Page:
Skin is the body’s largest organ. Stretched out it measures two metres square on average and accounts for 15 per cent of total bodyweight. Thinnest on your eyelids (0.2mm) and thickest on your feet (1.4mm), every minute your skin sheds more than 30,000 cells.
Science over. Art and technology meet where we adorn our bodies with indelible inks, jewellery, implants and tribal scars. Tattoos and other body modifications fascinate, create obsession, signify style, disgust some and create envy in others.
Martin Fraser is a friend of mine and we made a film to document his fascination with tattoos and body mods. Last year he set up a business to brand people using a laser burner. Going further than pushing ink into the skin, laser branding creates a permanent scar and it is much more like the initiation scars that many tribal people use to show maturity in adolescent males.
I was instantly fascinated and we set up a day to film an interview with him and potentially a branding session. The footage that resulted was turned into a short film called ‘Skin You’re In’. I then submitted the short to BBC Fresh – a spin off of BBC3 – and the film has taken on a mini-life of its own, featured prominently on the site it has been a ‘hit’ of sorts. Click on the image at the top of the page or here and you will go straight to the film on the BBC Fresh website.
We had talked initially about his using the footage as a social media tool to promote his business, but it was never used that way because Fraser (as he prefers to be called) is also a sound engineer and has committed a lot of his time to a local theatre in Blyth, Northumberland.
Fraser is an articulate person and has a rationale for what many people would consider irrational. Body adornment is a personal choice and often influenced by fashion. Not for Fraser. He told me that he had a high pain threshold and often pushed his own limits in the same way that tribal people undertake trials. We talked about ritual scarring, branding, archetypal imagery and religious ceremonies. Some of those discussions are recounted in a second short ‘Skin 2.0’ (above).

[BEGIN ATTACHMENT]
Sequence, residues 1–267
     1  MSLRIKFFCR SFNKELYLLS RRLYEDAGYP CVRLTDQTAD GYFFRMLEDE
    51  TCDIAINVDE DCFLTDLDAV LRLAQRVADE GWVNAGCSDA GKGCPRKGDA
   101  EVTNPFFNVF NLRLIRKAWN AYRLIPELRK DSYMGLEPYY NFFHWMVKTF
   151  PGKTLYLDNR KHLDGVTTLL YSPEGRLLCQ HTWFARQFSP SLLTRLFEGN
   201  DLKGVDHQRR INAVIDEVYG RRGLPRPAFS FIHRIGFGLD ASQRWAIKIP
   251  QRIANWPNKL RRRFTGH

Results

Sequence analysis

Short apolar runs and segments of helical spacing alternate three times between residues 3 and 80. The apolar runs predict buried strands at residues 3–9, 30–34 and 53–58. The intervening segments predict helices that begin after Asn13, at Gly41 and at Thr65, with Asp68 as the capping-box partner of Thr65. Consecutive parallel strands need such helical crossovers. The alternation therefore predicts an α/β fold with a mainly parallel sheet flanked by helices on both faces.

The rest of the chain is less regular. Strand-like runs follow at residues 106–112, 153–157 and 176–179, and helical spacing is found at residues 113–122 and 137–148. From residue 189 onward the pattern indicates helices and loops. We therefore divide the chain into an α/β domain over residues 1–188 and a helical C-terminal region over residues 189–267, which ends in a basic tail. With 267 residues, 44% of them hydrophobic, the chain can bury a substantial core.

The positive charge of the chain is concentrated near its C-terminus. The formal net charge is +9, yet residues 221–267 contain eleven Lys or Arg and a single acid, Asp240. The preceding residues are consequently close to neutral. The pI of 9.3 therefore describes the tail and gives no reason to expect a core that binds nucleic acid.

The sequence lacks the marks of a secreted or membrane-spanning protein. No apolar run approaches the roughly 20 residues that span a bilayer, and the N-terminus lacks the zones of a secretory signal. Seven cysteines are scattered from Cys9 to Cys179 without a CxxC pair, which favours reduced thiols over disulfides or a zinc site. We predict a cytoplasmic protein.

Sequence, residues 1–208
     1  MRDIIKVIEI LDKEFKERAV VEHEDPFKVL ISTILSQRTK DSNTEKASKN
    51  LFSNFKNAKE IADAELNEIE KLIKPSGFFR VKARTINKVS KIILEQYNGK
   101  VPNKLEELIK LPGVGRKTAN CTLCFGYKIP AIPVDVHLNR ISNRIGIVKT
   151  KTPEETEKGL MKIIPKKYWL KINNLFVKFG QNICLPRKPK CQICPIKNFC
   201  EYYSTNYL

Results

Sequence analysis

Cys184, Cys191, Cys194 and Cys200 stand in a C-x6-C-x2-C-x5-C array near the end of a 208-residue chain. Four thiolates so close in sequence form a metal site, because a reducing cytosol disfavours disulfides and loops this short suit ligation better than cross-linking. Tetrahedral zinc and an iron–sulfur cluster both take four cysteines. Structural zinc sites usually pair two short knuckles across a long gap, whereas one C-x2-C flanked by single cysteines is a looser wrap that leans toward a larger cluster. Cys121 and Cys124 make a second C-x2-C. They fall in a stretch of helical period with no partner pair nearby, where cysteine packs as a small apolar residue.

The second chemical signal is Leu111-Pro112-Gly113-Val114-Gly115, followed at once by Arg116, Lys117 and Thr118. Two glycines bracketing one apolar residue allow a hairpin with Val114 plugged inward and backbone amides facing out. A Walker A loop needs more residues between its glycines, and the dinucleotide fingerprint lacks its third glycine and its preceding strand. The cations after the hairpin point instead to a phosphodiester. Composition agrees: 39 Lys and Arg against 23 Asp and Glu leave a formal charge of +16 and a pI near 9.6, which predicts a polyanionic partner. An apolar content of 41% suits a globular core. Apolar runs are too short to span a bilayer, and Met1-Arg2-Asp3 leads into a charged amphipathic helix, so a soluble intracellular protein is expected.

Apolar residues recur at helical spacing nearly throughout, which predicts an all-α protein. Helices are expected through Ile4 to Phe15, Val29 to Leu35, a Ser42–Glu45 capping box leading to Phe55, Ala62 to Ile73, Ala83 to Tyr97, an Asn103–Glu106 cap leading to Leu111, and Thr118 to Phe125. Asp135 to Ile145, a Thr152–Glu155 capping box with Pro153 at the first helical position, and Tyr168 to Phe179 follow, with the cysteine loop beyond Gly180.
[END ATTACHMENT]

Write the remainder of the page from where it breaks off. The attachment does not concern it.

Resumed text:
Skin 2.0 is a companion to Skin You’re In and a contrast in style. Both films reveal something about the reasons people choose to tattoo or alter their bodies, but Skin 2.0 looks more at traditions. Surprisingly, the swastika makes a resurgence in many modern tattoos following its ancient roots as a symbol of peace. For anyone interested in finding out more about the ‘gentle swastika’, look at the work of artist ManWoman. His story is incredible. After a revelatory dream he devoted his life to reclaiming the swastika using tattoos and his art.
Both films were shot using a cheap £25 tripod. Stable shots are important though many of the more dynamic shots were simply handheld. All footage was shot at 720p on a LG 2X P990 smartphone. I love my phone even though it is a dog – it’s a reconditioned unit that often crashes and restarts for absolutely no reason. Audio was recorded on a Zoom H4 stereo mic and everything was edited using Final Cut Pro 7.0. I will probably upgrade my phone and look at something like the Nokia 1020 or the Sony Xperia Z1, which both have much better resolution, but would like to look at the new LG phones too. I’m also looking at other mobile and wearable cameras like the Vio POV cams, Epiphany Eyewear, Google Glass and others. If anyone can suggest a cool HD cam (or camcorder) I’m all ears.
The Internet of Things and body modification cross over in this fascinating short from Vice about biohacker Tim Cannon, who inserts an unreasonably large sensor under his skin to measure his biometrics. As an open source instrument the Circadia 1.0 connects up to any Android mobile device. What’s wrong with a thermometer?